12. If I understand Theorem 8 correctly, 90% consensus is required for network safety? I must admit I did a very brief scan, so apologies in advance. XRP LCP guarantees fork safety if Oi,j > nj/2 +ni −qi +ti,j for every pair of nodes Pi ,Pj . Note that although proposition 7 is an iff statement, the overlap condition in theorem 8 is only sufficient but not necessary for XRP LCP safety. This is because lemma 6 is not an iff statement. Further, there may be some validation configurations that cannot come out of deliberation, breaking our broad assumption that anything can come out of deliberation. However, it is the weakest condition that can be expressed purely as a bound on the size of overlaps. Once again assuming 80% quorums and 20% faults, the overlap condition in theorem 8 can be summarized as requiring roughly > 90% UNL overlaps. Although quite a narrow margin (and certainly far more narrow than originally expected), this does still allow a small amount of variation, which is very important for the XRP Ledger network’s transition to a recommended UNL comprised of independent entities. Having some flexibility in the UNLs is important both for after the diversification of trusted operators (as one can never guarantee total agreement on participants when the participants are independent entities) and also during the diversification process (if tiny disagreements during changes to the UNL list could cause a fork, then diversification would always be too risky to execute).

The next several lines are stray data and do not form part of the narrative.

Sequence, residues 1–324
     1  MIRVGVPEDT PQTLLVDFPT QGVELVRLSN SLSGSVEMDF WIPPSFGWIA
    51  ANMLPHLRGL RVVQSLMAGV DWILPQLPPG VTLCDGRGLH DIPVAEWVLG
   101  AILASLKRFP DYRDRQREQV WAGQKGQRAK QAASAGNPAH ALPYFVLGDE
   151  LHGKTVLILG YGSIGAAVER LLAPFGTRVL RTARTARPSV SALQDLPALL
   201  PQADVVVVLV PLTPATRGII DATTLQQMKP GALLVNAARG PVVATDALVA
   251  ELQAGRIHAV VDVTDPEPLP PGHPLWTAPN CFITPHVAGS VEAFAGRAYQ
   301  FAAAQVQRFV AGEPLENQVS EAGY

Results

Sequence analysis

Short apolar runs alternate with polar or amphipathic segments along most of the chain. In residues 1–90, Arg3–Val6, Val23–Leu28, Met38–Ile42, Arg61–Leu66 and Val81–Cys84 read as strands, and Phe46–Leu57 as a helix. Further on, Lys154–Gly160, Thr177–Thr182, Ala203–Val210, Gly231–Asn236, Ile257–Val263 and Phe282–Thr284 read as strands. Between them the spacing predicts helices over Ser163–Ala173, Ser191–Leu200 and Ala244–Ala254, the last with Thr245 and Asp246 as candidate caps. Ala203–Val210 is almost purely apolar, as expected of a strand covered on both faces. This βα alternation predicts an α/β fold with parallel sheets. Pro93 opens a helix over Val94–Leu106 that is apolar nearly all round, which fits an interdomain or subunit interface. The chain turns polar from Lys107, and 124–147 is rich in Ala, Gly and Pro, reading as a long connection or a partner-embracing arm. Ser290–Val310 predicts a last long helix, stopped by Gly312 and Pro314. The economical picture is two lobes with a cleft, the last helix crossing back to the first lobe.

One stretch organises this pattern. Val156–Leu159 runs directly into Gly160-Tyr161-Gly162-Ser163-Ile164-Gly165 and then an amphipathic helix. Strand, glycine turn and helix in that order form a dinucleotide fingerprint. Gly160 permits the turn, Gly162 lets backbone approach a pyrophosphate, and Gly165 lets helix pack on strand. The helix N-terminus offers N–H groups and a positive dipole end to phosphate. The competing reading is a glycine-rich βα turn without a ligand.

13. From https://ripple.com/files/ripple_consensus_whitepaper.pdf In order to achieve correctness, given a maximal amount of Byzantine failures, it must be shown that it is impossible for a fraudulent transaction to be confirmed during consensus, unless the number of faulty nodes exceeds that tolerance. The proof of the correctness of the RPCA then follows directly: since a transaction is only approved if 80% of the UNL of a server agrees with it, as long as 80% of the UNL is honest, no fraudulent transactions will be approved. Thus for a UNL of n nodes in the network, the consensus protocol will maintain correctness so long as: f ≤ (n−1)/5 (1) where f is the number Byzantine failures. In fact, even in the face of (n−1)/5+1 Byzantine failures, correctness is still technically maintained. The consensus process will fail, but it will still not be possible to confirm a fraudulent transaction. Indeed it would take (4n+1)/5 Byzantine failures for an incorrect transaction to be confirmed. We call this second bound the bound for weak correctness, and the former the bound for strong correctness.